Rugby World Cup: South Africa easily handle Scotland to begin world title defence at Paris

South Africa have the defence of their title off to an impressive start, when a second-half surge allowed them to overpower a toothless Scotland 18-3 to move into a strong position in the World Cup's 'group of death'.

Two tries in three second-half minutes from flanker Pieter-Steph du Toit and wing Kurt-Lee Arendse pulled the Springboks clear, and Scotland were unable to find a way back into the contest, barely threatening the South African tryline all game.

Scotland now face a difficult road to qualify from Pool B for the quarter-finals and will likely have to beat Ireland, when the teams meet in their final group game in Paris on October 7 to stand a chance.

Mbongeni Mbonambi celebrates the Springboks win with fans.
Mbongeni Mbonambi celebrates the Springboks win with fans. Photo credit: Getty Images

Scotland matched South Africa's power in the opening 40 minutes and trailed 6-3 at the break, still in the contest, without creating many scoring opportunities.

Once the Boks' powerful forwards came off the bench in the second period, there was another shift in momentum and they were able to comfortably keep the Scots at bay.

"It was tough in the first half," said South Africa captain Siya Kolisi. "Everything was close, we were a bit slow to get into our game and take our opportunities.

"Second half, we took our opportunities from the set-piece and I am proud of the way the boys did that."

The best chance of the first half fell to the northern hemisphere side, as wing Darcy Graham created a three-on-one opportunity, but held onto the ball, when he needed to release a teammate to canter over the 'Boks line.

South Africa lost lock Eben Etzebeth with a suspected shoulder injury after 26 minutes, replaced by RG Snyman, and that changed the dynamic of a scrum battle they had won to that point.

Scotland forced a penalty from the set-piece in their own 22 and then, shortly afterwards, another in range for Russell to secure three points and halve the deficit on the stroke of halftime.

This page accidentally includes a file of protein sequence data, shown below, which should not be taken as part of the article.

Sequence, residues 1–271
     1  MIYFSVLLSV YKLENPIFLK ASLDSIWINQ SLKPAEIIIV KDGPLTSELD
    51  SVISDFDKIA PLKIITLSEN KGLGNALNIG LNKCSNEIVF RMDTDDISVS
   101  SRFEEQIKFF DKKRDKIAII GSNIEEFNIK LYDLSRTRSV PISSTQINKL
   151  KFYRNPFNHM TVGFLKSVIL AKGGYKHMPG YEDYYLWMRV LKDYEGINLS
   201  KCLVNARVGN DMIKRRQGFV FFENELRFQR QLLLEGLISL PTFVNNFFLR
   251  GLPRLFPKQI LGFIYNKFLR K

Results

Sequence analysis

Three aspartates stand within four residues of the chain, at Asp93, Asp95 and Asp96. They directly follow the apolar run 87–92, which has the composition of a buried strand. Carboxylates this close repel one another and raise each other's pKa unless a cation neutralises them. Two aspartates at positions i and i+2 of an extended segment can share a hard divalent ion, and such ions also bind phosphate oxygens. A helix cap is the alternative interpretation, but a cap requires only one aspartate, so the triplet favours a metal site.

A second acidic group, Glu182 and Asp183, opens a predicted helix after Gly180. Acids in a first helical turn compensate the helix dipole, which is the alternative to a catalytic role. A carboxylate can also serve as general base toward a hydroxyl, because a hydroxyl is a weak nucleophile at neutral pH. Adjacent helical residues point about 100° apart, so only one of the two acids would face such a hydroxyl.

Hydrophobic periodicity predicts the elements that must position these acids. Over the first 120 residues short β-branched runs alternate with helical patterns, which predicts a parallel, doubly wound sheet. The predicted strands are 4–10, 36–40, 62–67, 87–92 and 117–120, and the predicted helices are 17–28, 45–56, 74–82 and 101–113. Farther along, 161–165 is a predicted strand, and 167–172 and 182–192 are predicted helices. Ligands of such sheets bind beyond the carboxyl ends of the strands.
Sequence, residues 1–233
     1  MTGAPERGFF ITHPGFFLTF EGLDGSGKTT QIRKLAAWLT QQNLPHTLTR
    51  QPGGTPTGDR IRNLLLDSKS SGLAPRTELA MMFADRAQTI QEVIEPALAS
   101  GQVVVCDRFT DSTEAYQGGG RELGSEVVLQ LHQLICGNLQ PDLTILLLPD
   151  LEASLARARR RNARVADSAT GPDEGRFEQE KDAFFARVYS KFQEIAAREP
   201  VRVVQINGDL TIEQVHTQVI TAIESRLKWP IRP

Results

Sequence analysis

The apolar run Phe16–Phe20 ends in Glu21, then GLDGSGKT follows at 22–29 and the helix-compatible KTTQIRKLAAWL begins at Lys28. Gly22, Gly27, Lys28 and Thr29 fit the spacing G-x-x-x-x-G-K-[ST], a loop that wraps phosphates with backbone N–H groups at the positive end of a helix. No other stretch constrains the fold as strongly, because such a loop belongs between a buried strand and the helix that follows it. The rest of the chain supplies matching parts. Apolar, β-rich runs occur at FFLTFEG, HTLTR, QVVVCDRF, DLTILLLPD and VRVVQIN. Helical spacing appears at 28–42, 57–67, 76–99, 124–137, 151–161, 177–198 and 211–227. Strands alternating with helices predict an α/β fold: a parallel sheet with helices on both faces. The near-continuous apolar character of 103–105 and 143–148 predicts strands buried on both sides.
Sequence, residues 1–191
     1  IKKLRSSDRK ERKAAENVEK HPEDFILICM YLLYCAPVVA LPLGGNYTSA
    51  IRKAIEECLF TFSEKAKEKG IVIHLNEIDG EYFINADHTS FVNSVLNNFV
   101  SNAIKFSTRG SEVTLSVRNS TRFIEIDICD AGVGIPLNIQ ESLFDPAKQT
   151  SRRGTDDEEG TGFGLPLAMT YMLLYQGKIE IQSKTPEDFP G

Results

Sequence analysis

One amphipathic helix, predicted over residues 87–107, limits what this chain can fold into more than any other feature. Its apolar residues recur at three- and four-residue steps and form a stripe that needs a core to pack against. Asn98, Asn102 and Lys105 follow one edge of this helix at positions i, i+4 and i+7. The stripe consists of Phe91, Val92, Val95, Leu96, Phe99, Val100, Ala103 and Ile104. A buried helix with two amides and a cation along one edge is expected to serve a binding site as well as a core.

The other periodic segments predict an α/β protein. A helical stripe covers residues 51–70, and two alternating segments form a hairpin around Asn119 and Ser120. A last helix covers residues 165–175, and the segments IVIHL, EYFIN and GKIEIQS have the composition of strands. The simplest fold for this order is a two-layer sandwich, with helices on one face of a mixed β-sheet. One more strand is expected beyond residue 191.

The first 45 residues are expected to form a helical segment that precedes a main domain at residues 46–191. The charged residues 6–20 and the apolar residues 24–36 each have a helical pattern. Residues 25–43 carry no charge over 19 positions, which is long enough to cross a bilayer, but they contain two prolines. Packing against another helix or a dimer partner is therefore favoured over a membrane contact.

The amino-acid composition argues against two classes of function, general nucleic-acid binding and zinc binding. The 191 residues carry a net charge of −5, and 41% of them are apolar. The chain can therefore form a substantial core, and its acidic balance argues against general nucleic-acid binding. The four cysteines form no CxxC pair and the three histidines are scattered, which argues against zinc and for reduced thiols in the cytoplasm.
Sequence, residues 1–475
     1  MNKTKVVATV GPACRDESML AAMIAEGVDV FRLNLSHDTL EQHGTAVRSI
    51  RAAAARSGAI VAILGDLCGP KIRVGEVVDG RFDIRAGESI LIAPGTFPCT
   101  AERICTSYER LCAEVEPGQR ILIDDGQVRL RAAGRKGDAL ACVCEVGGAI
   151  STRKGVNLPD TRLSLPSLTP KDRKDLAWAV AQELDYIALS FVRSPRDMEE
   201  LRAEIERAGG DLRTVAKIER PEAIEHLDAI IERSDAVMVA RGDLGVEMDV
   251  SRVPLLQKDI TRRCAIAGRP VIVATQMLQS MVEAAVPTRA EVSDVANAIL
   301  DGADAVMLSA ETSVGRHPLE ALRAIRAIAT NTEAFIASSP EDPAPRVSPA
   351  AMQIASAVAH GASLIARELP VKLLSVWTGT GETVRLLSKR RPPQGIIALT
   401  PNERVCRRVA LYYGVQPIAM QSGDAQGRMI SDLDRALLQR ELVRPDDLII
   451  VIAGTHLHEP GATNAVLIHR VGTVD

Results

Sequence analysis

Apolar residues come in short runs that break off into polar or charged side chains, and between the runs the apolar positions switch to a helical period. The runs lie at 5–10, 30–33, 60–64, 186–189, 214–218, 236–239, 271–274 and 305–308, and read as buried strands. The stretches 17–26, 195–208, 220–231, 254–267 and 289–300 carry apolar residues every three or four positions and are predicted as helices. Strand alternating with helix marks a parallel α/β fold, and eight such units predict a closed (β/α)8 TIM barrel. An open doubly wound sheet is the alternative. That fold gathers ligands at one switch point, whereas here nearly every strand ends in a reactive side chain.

South Africa came out with renewed intensity in the second period, smashing their opponents backwards at the scrum to earn a penalty that put them in Scotland's 22. From there, they moved the ball through phases, gaining a few metres at a time, before Du Toit crashed over from close range.

One try became two three minutes later, as Libbok spotted Arendse in acres of space on the right wing and his superb, no-look crosskick was perfect for the diminutive back to score in the corner.

It was poor defending and a sucker-punch for the Scots, who - in truth - were out of the contest after 50 minutes and were easily shutout by the 'Boks.

"I thought our defence was excellent today, we really took it to them physically," said Scotland captain Jamie Ritchie.

"Plenty of time to dust ourselves off, all the hard work we have put in has not gone away, it is one setback, but we have loads to play for."

South Africa play their second pool game against Romania in Bordeaux next Sunday, while Scotland have to wait two weeks, before they take on Tonga in Nice on September 24.

Meanwhile, Japan have had to withstand a ferocious physical challenge from debutants Chile in their bonus-point 42-12 Rugby World Cup Pool D clash at Toulouse, as coach Jamie Joseph says their opponents "tackled like demons" in the searing heat.

Japan scored six tries in what looks a comfortable win on the scoreboard, but was anything but that in reality for the 2019 World Cup quarter-finalists against a fired-up, emotional South American side, many of who were in tears at the anthems.

"Chile came with a really spirited performance, really hearty, tackled like demons, turned our ball over, really put us under pressure," said Joseph. "We had to deal with that without losing confidence."


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